The Prospect School’s methodology became widely known and studied by educators across the United States. By the late 1960s, School staff began to offer formal professional development programs for educators and consulting services for educational institutions through a wing of Prospect designated the Adjunct Services. In that same period, the School was named a Demonstration School for the State of Vermont and through federal funding from the Education Professions Development Act (EPDA) initiated a state-approved, post-B.A. Teacher Certification Program. In 1979, the organization was reorganized and renamed as the Prospect Archive and Center for Education and Research, an umbrella encompassing the Prospect School, external services for educators and institutions, research projects, and the Prospect Archive of Children’s Work. The Center’s professional development programs included conferences for educators; intensive seminars and workshops, some conducted as part of degree-granting programs for several graduate schools in New England; and programs for visiting scholars held at Prospect School. The Center’s consulting services included professional development programs for the staff of educational institutions and research and documentation of school programs conducted within primary and secondary school settings. Prospect Center staff members, particularly Patricia Carini, published and spoke widely about the Prospect School’s methodology and the Center’s programs and services.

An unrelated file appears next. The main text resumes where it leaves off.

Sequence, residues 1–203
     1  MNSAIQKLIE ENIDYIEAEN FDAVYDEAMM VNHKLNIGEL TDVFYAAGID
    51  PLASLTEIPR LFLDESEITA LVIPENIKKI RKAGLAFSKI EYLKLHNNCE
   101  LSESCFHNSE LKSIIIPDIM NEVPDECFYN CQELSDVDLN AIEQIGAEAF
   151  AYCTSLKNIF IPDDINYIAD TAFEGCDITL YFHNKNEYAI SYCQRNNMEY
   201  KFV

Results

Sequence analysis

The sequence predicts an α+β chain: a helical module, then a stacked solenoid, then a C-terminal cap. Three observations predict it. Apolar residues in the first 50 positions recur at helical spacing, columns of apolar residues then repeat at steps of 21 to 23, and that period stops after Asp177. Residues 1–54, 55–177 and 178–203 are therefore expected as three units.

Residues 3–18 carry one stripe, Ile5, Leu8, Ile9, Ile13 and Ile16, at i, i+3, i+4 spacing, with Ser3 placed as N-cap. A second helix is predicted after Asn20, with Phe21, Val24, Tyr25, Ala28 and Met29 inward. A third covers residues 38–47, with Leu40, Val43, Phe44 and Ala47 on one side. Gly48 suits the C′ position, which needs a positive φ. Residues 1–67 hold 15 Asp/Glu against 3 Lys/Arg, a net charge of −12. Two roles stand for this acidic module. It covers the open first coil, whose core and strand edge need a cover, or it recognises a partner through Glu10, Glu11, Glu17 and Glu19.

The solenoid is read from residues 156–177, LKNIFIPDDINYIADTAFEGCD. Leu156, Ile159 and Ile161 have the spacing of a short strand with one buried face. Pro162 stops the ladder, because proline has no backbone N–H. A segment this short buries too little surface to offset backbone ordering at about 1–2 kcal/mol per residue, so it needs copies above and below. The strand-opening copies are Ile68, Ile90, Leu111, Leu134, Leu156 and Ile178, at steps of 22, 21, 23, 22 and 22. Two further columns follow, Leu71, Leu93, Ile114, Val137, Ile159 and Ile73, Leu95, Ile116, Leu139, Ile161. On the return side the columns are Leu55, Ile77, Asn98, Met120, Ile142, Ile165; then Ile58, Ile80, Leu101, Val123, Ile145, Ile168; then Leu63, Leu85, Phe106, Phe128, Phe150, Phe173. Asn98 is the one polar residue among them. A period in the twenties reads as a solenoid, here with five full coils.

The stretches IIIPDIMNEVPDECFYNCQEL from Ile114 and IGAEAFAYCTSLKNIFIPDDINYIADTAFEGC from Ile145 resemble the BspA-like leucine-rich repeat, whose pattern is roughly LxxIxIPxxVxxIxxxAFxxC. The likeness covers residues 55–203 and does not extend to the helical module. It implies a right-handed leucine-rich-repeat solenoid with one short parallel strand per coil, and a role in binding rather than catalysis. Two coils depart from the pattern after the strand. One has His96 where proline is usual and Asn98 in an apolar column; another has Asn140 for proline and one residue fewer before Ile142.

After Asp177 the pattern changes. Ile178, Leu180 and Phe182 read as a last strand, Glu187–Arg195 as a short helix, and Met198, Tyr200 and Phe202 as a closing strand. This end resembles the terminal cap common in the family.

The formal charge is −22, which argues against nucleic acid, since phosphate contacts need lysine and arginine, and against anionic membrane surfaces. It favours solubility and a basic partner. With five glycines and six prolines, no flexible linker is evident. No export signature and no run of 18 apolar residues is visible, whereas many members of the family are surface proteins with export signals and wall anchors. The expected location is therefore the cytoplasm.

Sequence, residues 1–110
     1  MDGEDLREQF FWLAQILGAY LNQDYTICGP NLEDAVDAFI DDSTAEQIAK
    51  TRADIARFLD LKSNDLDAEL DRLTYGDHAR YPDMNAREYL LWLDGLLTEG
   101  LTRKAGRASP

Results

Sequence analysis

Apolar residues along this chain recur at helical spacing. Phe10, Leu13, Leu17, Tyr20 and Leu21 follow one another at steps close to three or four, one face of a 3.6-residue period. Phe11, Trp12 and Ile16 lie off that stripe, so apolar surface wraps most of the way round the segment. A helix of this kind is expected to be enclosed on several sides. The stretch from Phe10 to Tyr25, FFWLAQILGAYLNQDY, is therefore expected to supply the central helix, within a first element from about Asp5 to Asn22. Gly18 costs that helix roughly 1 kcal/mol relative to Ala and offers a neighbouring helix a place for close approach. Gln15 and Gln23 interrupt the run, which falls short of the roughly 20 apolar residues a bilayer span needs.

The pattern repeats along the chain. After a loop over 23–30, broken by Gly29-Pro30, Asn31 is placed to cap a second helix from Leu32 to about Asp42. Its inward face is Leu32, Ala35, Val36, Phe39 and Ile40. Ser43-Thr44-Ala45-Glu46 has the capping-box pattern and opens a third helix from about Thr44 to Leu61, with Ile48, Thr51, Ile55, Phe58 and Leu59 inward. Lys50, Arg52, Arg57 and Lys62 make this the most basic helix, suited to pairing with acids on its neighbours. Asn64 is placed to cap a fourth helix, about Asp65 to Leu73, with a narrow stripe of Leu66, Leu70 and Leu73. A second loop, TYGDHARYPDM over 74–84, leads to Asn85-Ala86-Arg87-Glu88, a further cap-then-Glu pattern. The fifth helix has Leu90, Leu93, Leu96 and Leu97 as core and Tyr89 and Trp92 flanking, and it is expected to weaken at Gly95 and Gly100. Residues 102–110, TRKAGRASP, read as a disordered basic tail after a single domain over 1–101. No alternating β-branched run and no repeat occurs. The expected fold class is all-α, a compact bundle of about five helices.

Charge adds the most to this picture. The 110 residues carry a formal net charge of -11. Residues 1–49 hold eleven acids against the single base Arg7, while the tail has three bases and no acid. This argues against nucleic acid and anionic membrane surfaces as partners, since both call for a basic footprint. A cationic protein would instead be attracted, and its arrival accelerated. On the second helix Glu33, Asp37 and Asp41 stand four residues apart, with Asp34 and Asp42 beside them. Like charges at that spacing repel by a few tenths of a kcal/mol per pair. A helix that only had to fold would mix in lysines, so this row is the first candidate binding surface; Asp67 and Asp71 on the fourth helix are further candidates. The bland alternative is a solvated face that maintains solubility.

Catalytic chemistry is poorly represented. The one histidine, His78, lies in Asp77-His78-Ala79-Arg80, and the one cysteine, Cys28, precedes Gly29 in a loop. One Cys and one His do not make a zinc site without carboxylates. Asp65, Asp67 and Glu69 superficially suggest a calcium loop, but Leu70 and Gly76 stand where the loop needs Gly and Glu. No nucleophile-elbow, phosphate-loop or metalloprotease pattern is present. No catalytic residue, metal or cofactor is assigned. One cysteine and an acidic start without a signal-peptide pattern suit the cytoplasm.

The Prospect Archive of Children’s Work contains the visual and written work left behind by more than sixty Prospect School students, as well as teacher records and additional work completed by some students before and after their years at the School and subsequently donated to the Archive. The Archive offers a longitudinal perspective on children’s thinking and growth. It was and continues to be used by teachers and other educators—employing methods for collaborative study developed at the Prospect Center—to further their understanding of individual children, of children in school, of what in the educational setting supports their learning, and ultimately, of larger questions about human work, thought, and capacity.